From there, Pretty made short work of the Arizona Trail along Walnut Canyon. Spots that were sketchy on Tri were no problem, and stuff that I impulsively panic-stopped for and walked I was able to roll over, drop, or climb, albeit with some hesitation, but no incident.

It also does help matters that there has been a lot of rerouting of the trail, pulling it out of drainage, and eliminating some of the steepest and most unrideable sections. (Unless your Danny Macaskill...) That said.. there are still some sections, that despite the awesomeness that is the Pivot Mach 429, I am just not strong or skilled enough to ride yet.

Like this section. The picture doesn't show how steep and loose the trail is.

But it has a nice view of Walnut Canyon.
 What the Pretty Pivot does do is make my favorite section of the Arizona trail in this area even more fun. I thought it was a blast rolling through it at 18 mph and catching air on the water bars with a singlespeed hardtail. But doing it at 25 with the soft landings of a full squish bike is just bliss. The downside is that section seems so much shorter now.

Before long I found myself a ways east of town, as the Arizona trail winds away from the ponderosas into the junipers and piƱons of the high desert.
Mt. Elden, and The San Francisco Peaks.

It's even green out here.
 And then it winds back again.
Pines and oaks.

Good trail.

The nice thing about doing this ride in Spring... this field is not full of sunflowers!

Picture Canyon.
 It was somewhere around here that I had a conversation with my bike that most people would likely find odd. It started when I stopped to carry the bike up a staircase built into the trail, scaling the canyon wall, and Pretty kicked me in the back of the knee with a pedal.


"You're seriously going to carry me up this? Aren't you even going to try?"

"Pretty, you may be awesome, but I'm not. I can't ride up this."

"You didn't even try!"

"Alright, fine, I'll try."

So I hop back on the bike and manage to ride up the first four steps before the front tire planted, and I flailed about trying to keep from falling over, during which time Pretty bit the back of my ankle with a chainring.


"That's for talking out loud to an inanimate object!"

Pretty is an aggressive bike, in more ways than one.

Fortunately, all was forgiven, peace was made, and we continued on.
More greenery, behind Sheep Hill.
 The part of this section of trail that I hate, the slog through the cinders... well, once again, despite Pretty's awesomeness, was still a slog. I need to take Snowblind out here. Maybe then I'd have fun on it.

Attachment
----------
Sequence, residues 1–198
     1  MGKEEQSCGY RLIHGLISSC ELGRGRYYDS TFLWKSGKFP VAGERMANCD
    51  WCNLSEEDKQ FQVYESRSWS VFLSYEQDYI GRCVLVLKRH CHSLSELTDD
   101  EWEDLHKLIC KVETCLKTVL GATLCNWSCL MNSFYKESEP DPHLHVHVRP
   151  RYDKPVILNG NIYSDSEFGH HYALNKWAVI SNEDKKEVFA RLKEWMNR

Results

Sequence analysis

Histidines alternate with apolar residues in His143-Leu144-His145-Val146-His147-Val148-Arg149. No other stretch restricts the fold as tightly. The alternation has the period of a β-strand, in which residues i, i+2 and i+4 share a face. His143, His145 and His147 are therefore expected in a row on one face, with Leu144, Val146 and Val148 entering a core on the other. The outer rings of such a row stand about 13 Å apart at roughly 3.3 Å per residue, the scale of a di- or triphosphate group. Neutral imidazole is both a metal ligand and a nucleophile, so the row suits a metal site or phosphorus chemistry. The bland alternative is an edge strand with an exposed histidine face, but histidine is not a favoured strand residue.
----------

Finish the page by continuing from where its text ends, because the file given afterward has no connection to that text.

Closer and closer to Elden.

Hmm... which way?
One way heads to town... the other way goes around Mt. Elden. I was feeling pretty good, so I let my water supply decide for me. Just over a liter left, and it's still cold, let's go!

Little Elden.

I had never ridden this section of Little Elden Trail before.

I'm glad I came this way.

Winding around the mountain, faster than I had planned.

Little Elden Spring.

So green.

Someday I'll come down this trail again...
 Little Elden Trail was one of the trails affected by the Schultz Fire, and subsequent flooding. It was also one of the first to be re-opened, earlier this year. The work that's been done to shore up the trail in the fire and drainage areas is amazing, and I have to thank everyone who worked on it. Little Bear Trail is a trail I've done only once, before I was any good at all at this mountain biking thing. It was also one of the hardest hit by the fire and flooding. They're hoping to open it later this year, and there is a trail day dedicated to reaching that goal, which I plan on joining in on.

Not long after Little Bear, I ran in to Anthony from Absolute Bikes and FBO heading the opposite way. We chatted for a while about trails, bikes, and shoes before heading our separate ways.

You know you go to the bike shop a lot when the manager recognizes you on the trail and doesn't have a problem with stopping and hanging out for a bit.

I see nothing wrong with this.
Fire scars.

The edge of the burn area.
Soon I made it to Schultz Creek Trail, where two things happened. First, I ran out of water. (Oh noes!) Second, the downhill started. (Aww yeah!) As expected, Pretty ate up the trail, though I didn't make nearly as many bad line choices as last time. At the bottom, I hooked up with the FUTS and took that home.

So, after 43 miles today, and over 100 miles since I got it a week ago, what are my impressions on full suspension?

I am definitely more confident on Pretty, than I am on Tri. Of course, I was more confident on Tri than I was on the Giant and the B-52, both being 26" bikes. The Pivot makes me a more confident rider, but not a better rider. However, one thing Anthony mentioned to me today, is that going back and forth between the hardtail (Tri) and the full suspension (Pretty) will make me a better rider on both, which makes sense. Pretty builds my confidence to just roll over stuff, and Tri builds the skill to roll over things, once I have the confidence to even try to.

The other thing is endurance... I have much better endurance with Pretty. It could be gears, it could be the fact that I'm almost 30 pounds lighter, I dunno... but I can go on longer rides, and come back with energy to spare, while before, it was a struggle to get home, sometimes. It has me wondering what my range might be, now. If I hadn't run out of water when I did, I probably could have gone another 10 or 15 miles today.

So, in short, I'm diggin' it.
Mileage: 43.4

Wednesday, May 9, 2012

This time I brought my camera.

 I got to take Su out for a trail ride this evening.  Unlike last time, I brought a camera, as well as an extend-o-leash, so Su would have a little more freedom, and hopefully give me a little more space.

I think it went rather well, aside from a couple... incidents. At one point the leash got wound up in Tri's rear wheel when Su crossed sides behind me, and shortly after that, she decided to go the opposite direction. Nothing serious, and after that, she did well with running alongside, just ahead, or just behind, with none of the bumps or rubs of our last trail ride.